United States District Court, D. Nebraska
Gossett United States Magistrate Judge
matter is before the court on the motions to sever filed by
defendants Dionte Dortch (Filing No. 205), Gregory
Bahati (Filing No. 212), Brandon Heard (Filing
No. 220), Julio Arias (Filing No. Filing No.
229) and Jerell Haynie (Filing No. 240). The
court will deny the motions.
defendants are jointly charged in Count One of the
Superseding Indictment with a conspiracy to violate the
Racketeer Influenced and Corrupt Organizations Act
(“RICO”), in violation of 18 U.S.C. 1962(d),
arising out of their alleged criminal activities in
connection with the 40th and 44th Ave.
Crips street gangs. The Superseding Indictment alleges that
between 2008 and 2015, the 40th Ave. and
44th Ave. Crips street gangs “cliqued
up” to form an enterprise under 18 U.S.C. §
1961(4). The Superseding Indictment alleges the enterprise
engaged in a pattern of racketeering activity under 18 U.S.C.
§ 1962(c), including murder, attempted murder, witness
tampering, and the manufacture and distribution of controlled
substances. (Filing No. 20 at pp. 3-7). Count One
lists approximately 37 Overt Acts allegedly committed by the
defendants or other co-conspirators during the course of the
conspiracy. (Filing No. 33 at pp. 7-12).
addition to the RICO conspiracy charged in Count One, each
defendant is charged individually with separate crimes
alleged to have been committed in furtherance of the
• Arias is charged in Counts Thirteen, Fourteen, and
Fifteen with distribution of cocaine base on three occasions
in 2015, in violation of 21 U.S.C. §§ 841(a)(1) and
(b)(1)(C). (Filing No. 33 at pp. 18-19).
• Bahati is charged with making threats in aid of
racketeering, in violation of 18 U.S.C. § 1959(a)(4)
(Count Eight), and brandishing a firearm during a crime of
violence, in violation of 18 U.S.C. § 924(c)(1)(A)(ii)
• Dortch is charged with being a felon in possession of
a firearm, in violation of 18 U.S.C. §§ 922(g)(2)
and 924(a)(2) (Count Ten); witness tampering, in violation of
18 U.S.C. §§ 1512(b)(1), 1512(b)(2)(A), and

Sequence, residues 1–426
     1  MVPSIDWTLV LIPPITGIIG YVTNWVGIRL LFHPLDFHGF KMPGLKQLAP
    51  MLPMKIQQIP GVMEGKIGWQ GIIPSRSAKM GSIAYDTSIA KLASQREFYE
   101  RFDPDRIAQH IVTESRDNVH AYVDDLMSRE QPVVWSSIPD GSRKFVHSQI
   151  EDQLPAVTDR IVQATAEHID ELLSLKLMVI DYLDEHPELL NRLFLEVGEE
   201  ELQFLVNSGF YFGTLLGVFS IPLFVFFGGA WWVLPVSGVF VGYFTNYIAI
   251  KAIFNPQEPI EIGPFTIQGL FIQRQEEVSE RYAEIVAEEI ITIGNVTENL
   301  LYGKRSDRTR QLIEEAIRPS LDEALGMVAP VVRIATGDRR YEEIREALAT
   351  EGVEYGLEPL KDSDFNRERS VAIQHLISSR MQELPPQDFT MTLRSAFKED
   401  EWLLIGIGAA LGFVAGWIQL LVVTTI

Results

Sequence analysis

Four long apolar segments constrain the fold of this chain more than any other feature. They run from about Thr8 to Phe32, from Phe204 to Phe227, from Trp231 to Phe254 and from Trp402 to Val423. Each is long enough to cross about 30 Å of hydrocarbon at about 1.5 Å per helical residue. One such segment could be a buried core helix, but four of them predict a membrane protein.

1512(b)(3) (Count Eleven); and attempted obstruction of
justice, in violation of 18 U.S.C. § 1512(c)(2) (Count
• Haynie is charged with attempted murder in aid of
racketeering, in violation of 18 U.S.C. § 1959 (a)(5)
(Count Two); attempt to commit assault with a dangerous
weapon in aid of racketeering, in violation of 18 U.S.C.
§ 1959(a)(6) (Count Three); and discharging a firearm
during a crime of violence, in violation of 18 U.S.C.
§§ 924(c)(1)(A)(ii) and (iii) (Count Four).
• Heard is charged in Counts Five, Six, and Seven with
distribution of cocaine base on three occasions in 2014, in
violation of 21 U.S.C. §§ 841(a)(1) and (b)(1)(C).
(Filing No. 33 at pp. 15-16).
defendants have filed the present motions to sever their
individual charges from the other defendants, arguing that
joinder presents the risk of undue prejudice.
8(a) of the Federal Rules of Criminal Procedure permits the
government to charge multiple counts in a single indictment
if the offenses “are of the same or similar character,
or are based on the same act or transaction, or are connected
with or constitute parts of a common scheme or plan.”
Fed. R. Crim. P. 8(a). Rule 8(a) “is broadly
construed in favor of joinder to promote the efficient
administration of justice.” United States v. Taken
Alive, 513 F.3d 899, 902 (8th Cir. 2008).
8(b) permits the government to “charge 2 or more
defendants if they are alleged to have participated in the
same act or transaction, or in the same series of acts or
transactions, constituting an offense or offenses.”
Fed. R. Crim. P. 8(b). “Generally, ‘persons
charged in a conspiracy or jointly indicted on similar
evidence from the same or related events should be tried
together.'” United States v. Lewis, 557
F.3d 601, 609 (8th Cir. 2009) (quoting United States v.
Adkins, 842 F.2d 210, 211 (8th Cir. 1988). Other
circuits have held that when defendants are charged with a
RICO conspiracy, seemingly unrelated offenses satisfy Rule
8(b)'s “same series of acts or transactions”
requirement as long as “the criminal acts charged . . .
were charged either as predicates for the racketeering
charge, or as acts undertaken in furtherance of a commonly
charged RICO enterprise.” See United States v.
Irizarry, 341 F.3d 273, 289-90 (3d Cir. 2003). See also,
United States v. Eufrasio, 935 F.2d 553, 567 (3d
Cir. 1991) (“Rule 8(b) provides substantial leeway to
prosecutors who would join racketeering defendants in a
single trial. The rule permits joinder of defendants charged
with participating in the same racketeering enterprise or
conspiracy, even when different defendants are charged with
different acts, so long as indictments indicate all the acts
charged against each joined defendant . . . are charged as
racketeering predicates or as acts undertaken in furtherance
of, or in association with, a commonly charged RICO